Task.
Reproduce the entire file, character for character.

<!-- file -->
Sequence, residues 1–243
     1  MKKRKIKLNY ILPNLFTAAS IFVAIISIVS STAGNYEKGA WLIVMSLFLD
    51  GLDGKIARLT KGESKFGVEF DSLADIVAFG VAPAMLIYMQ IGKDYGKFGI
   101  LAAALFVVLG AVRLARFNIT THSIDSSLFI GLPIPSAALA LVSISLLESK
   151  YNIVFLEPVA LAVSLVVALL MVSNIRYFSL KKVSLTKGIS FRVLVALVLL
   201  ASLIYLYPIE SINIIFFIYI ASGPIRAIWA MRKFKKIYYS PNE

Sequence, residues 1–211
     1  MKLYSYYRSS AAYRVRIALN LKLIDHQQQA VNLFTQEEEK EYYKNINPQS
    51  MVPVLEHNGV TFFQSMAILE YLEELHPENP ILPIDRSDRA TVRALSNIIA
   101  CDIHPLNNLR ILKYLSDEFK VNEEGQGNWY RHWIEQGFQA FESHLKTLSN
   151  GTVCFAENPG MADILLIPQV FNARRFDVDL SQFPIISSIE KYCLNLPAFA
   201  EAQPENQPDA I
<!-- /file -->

Sequence, residues 1–243
     1  MKKRKIKLNY ILPNLFTAAS IFVAIISIVS STAGNYEKGA WLIVMSLFLD
    51  GLDGKIARLT KGESKFGVEF DSLADIVAFG VAPAMLIYMQ IGKDYGKFGI
   101  LAAALFVVLG AVRLARFNIT THSIDSSLFI GLPIPSAALA LVSISLLESK
   151  YNIVFLEPVA LAVSLVVALL MVSNIRYFSL KKVSLTKGIS FRVLVALVLL
   201  ASLIYLYPIE SINIIFFIYI ASGPIRAIWA MRKFKKIYYS PNE

Sequence, residues 1–211
     1  MKLYSYYRSS AAYRVRIALN LKLIDHQQQA VNLFTQEEEK EYYKNINPQS
    51  MVPVLEHNGV TFFQSMAILE YLEELHPENP ILPIDRSDRA TVRALSNIIA
   101  CDIHPLNNLR ILKYLSDEFK VNEEGQGNWY RHWIEQGFQA FESHLKTLSN
   151  GTVCFAENPG MADILLIPQV FNARRFDVDL SQFPIISSIE KYCLNLPAFA
   201  EAQPENQPDA I